Meditation and the acceptance of being a 'nobody', versus the desire for social recognition and becoming 'somebody'. The difference in personal journeys to fulfilment couldn't be starker between the East and the West. Using Shakespeare as an example of Western attitudes, Subhuti Anand Waight invites the reader to wonder how the Bard could have produced so many pieces of English wordplay while thinking and being, and never not thinking and not being.
Posing a clever analogy to the well-known line of Hamlet, to be or not to be, the author exposes the superficiality of Western culture and points to the deeper dimension of Eastern meditation. To be is to strive, to achieve, and to not be is to give it all up in favour of personal liberation. When Shakespeare Lost to the Plot is the tale of a witty play about the birth of the tragedy - no, a comedy, a behind-the-scenes account of presenting the play that will ask the audience the ultimate question...to be or not to be?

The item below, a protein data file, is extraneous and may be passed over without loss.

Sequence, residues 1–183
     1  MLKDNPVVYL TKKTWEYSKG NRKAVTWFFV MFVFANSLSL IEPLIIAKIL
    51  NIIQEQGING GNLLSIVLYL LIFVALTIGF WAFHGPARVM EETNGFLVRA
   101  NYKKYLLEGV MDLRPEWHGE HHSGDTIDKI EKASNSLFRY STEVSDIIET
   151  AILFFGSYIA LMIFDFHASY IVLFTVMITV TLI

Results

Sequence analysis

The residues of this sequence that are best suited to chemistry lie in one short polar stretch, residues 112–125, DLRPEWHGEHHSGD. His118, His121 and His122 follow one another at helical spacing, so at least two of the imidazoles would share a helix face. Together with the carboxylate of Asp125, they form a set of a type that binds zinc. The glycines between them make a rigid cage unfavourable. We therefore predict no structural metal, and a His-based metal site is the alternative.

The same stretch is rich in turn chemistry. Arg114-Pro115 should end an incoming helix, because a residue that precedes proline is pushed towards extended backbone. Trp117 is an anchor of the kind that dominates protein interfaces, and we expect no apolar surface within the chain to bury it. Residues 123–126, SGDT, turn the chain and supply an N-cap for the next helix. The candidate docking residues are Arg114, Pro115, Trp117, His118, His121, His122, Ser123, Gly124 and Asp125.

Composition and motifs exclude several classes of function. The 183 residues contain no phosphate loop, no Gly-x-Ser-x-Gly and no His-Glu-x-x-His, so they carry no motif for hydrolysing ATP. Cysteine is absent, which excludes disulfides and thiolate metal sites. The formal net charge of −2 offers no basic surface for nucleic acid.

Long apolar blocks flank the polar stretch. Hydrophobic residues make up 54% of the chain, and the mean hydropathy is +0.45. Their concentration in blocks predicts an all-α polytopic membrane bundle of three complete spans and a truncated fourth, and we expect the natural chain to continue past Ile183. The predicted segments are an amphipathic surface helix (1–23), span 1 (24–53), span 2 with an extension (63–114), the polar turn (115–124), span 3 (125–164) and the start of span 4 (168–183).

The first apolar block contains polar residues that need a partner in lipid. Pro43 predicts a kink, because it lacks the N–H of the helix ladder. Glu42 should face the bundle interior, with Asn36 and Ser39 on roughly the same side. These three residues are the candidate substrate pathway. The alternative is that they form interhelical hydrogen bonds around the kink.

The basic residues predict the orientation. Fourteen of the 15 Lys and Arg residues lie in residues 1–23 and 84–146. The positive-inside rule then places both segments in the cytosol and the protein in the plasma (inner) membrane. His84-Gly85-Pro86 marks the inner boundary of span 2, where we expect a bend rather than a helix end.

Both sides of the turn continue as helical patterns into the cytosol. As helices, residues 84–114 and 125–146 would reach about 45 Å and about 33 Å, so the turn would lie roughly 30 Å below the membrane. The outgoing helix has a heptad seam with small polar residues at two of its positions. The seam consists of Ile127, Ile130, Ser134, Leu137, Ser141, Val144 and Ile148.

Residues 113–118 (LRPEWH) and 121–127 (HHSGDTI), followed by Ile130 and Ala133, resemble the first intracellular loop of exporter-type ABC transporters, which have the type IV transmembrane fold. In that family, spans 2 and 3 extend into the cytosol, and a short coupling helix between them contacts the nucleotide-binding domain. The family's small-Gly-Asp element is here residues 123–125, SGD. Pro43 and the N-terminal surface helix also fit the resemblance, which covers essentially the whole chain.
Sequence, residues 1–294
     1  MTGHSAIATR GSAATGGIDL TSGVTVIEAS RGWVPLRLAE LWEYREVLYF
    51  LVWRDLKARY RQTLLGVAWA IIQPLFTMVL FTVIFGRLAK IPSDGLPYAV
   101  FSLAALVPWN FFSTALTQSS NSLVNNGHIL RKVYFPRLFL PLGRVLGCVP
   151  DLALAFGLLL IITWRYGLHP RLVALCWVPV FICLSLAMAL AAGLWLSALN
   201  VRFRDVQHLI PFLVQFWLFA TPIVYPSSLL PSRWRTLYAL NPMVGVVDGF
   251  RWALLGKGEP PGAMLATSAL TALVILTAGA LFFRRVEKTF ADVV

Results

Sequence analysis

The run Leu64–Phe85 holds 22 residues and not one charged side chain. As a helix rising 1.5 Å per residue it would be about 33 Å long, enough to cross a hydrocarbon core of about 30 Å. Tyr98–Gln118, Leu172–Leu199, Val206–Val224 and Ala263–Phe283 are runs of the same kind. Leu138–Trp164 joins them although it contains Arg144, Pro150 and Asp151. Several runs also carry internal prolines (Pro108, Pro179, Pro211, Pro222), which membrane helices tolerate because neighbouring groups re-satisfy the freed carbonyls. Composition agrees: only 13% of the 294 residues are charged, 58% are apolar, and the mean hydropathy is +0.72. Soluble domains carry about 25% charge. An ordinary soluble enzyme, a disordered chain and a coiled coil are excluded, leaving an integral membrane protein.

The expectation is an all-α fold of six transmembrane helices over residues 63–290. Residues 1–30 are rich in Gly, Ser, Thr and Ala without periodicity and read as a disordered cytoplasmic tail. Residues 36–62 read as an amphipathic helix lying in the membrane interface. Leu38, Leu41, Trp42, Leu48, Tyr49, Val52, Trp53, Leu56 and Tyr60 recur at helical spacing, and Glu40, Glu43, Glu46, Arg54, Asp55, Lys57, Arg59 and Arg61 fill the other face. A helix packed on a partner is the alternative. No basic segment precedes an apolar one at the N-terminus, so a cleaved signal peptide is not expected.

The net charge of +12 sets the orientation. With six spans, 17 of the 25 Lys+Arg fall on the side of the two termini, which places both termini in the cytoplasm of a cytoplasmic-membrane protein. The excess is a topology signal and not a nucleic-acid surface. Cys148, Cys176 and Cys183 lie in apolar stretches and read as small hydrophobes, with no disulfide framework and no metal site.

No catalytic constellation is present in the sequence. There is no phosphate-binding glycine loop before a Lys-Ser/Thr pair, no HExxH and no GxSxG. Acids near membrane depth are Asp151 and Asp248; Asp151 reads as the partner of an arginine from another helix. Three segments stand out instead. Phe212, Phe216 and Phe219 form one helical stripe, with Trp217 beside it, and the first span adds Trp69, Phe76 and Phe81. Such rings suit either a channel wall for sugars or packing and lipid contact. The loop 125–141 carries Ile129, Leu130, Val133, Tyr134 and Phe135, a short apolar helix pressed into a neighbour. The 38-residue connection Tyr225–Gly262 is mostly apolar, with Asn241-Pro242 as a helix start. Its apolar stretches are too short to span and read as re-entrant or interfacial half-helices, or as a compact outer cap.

Subhuti Anand Waight is a former UK political correspondent who gave up his journalistic career to live in an Indian ashram. He toured India as part of a troupe of Shakespearian actors and has also written and staged his own musicals and plays. He is the author of four books.
We save the World
Next of Kin...
The Rising Tear
Globetrotting as a Refugee
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